The Ibrahim-al-Ibrahim Mosque in Gibraltar May 11, 2015.

The Ibrahim-al-Ibrahim Mosque in Gibraltar is pictured here, on May 11, 2015. The Muslim invasion of Spain began at Gibraltar in 711 A.D., less than 80 years after the death of the Prophet Muhammad.

Credit:

Flickr Commons 

A week after the deadly attack in Barcelona, ISIS released a new propaganda video, saying it wants to restore al-Andalus to the Muslim world. Al-Andalus was the word for Muslim-ruled areas of Spain and Portugal in the Middle Ages.

The video mixes excerpts from news reports with music and statements from ISIS fighters speaking in Arabic and — for the first time — in Spanish.

One Spanish speaker in combat fatigues is saying, "With God's permission, al-Andalus will once again be the land of the caliphate."  

Related: Why did ISIS target Spain? The answer may lie in history.

The Muslim invasion of Spain began at Gibraltar in 711 A.D., less than 80 years after the death of the Prophet Muhammad. In the preceding decades, Muslim armies had swept across North Africa, overthrowing or subduing Christian and pagan kingdoms and territories in their path.

Spain was no different, and Muslim emirs soon established control of what’s now Portugal and most of Spain, except for a few mountainous districts of the far north. Muslim armies then invaded France until famously checked at Poitiers in 732 A.D.

Al-Andalus in the year 750CE. Al-Andalus was the word for Muslim ruled areas of Spain and Portugal in the Middle Ages.

Credit:

Wiki Commons/"The Little Professor"

Generalizations are difficult, but once a territory had submitted to Muslim rule, its people were more or less allowed to continue to practice their faith. Non-Muslims were obliged to pay additional taxes and were treated as second-class citizens and often denied civil rights. Conversion was encouraged but not forced. Wholesale massacres and forced displacement were not widespread after the conquest.

This relative toleration allowed Christianity to survive and also encouraged significant immigration of Jewish people from elsewhere in the Mediterranean.

Local politics were often more important than faith, and Christian lords could serve Muslim emirs when their interests coincided, and vice versa.

Córdoba in southern Spain became the capital of its own state, initially an emirate, and then its own caliphate ruled by a family dynasty known as the Umayyads. The city thrived and became a locus of art, literature, architecture, science and culture, while the rest of Europe was struggling through what is popularly known as the Dark Ages. Much of the science and literature of ancient Rome was preserved thanks to the efforts of scholars in Córdoba, Seville and Granada.

For many Muslims, this era represents a golden age for Islam, with similar strides in civilization taking place in Baghdad, Damascus and Cairo at the same time.

It’s this golden age that ISIS is trying to re-create, says Rukmini Callimachi of The New York Times. “So, they often harken back to the old words that were used by the early Muslims for these territories.”

“It goes to this idea,” she adds, “that they are bringing back an old Islamic era, a golden age, and that they are going to restore the dignity of Muslims — at least in their eyes.”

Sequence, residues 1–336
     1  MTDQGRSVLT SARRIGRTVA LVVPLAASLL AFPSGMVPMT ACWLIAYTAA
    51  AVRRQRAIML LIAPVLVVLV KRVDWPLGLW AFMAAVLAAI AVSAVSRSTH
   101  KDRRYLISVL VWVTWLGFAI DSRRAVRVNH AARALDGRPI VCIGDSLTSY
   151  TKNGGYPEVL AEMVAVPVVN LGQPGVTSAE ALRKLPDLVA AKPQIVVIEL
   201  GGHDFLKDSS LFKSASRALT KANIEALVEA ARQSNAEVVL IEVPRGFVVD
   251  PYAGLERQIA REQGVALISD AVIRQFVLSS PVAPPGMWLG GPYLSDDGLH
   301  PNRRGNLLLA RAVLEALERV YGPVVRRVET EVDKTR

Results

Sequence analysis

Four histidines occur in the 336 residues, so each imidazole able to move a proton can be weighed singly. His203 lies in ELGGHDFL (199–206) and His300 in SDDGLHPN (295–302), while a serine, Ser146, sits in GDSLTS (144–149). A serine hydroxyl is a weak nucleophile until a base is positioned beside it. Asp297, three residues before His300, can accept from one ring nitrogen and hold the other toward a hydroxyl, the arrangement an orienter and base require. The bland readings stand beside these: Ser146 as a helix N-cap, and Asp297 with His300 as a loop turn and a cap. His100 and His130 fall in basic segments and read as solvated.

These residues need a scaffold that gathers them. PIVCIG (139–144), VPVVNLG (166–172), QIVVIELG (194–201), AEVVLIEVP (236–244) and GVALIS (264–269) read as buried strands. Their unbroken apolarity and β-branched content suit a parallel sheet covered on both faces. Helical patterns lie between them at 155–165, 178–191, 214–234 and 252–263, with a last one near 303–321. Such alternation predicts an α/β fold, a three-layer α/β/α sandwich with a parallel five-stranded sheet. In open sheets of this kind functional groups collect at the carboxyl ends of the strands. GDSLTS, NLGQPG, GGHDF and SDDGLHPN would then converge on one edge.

For the Iberian Peninsula, that Muslim golden age was challenged by Christian kingdoms in the north aggressively seeking to gain ground, and then by internal differences. The Umayyad dynasty collapsed in 1031, and power eventually devolved to local emirs ruling smaller successor states.

This was the era of the crusades, and these smaller Muslim states were less able to contain their Christian rivals to the north.

Córdoba fell to the Christians in 1236, and by 1249 only the emirate of Granada remained.

Granada itself finally fell in 1492, the same year Christopher Columbus sailed to America for the first time. The 700-year struggle to fight Muslim rule is known in Spain as La Reconquista — "The Reconquest" — and is still commemorated in re-enactments and ceremonies, especially in the south.

Spanish promises of tolerance did not last long, and persecution of non-Catholics began the so-called Spanish Inquisition. That’s chiefly remembered in Europe and the West for the persecution of Jews, but Muslims were just as vulnerable.

Persecution took place at different times in different places, but in the early 1600s, the Spanish authorities implemented a policy of absolute intolerance. Arabic was banned. All Moriscos were ordered to be deported. Their property was sequestered.

Hundreds of thousands were expelled. But many remained, and many others returned. Oddly, slaves were not forced to convert.

Anyone found to be practicing a faith other than Catholic Christianity after that date faced the risk of torture, imprisonment and death. The last mass prosecution for “crypto-Muslim” practices was in 1727, although by that time sentences were not too severe.  

These persecutions along with more recent ones around the world feature in ISIS and jihadi propaganda.

“They play that up so they can have a narrative of victimhood, which draws people to their cause,” says Callimachi.

The ISIS video threatening Spain has been met by a host of derisive memes and cartoons in Spanish social media. 

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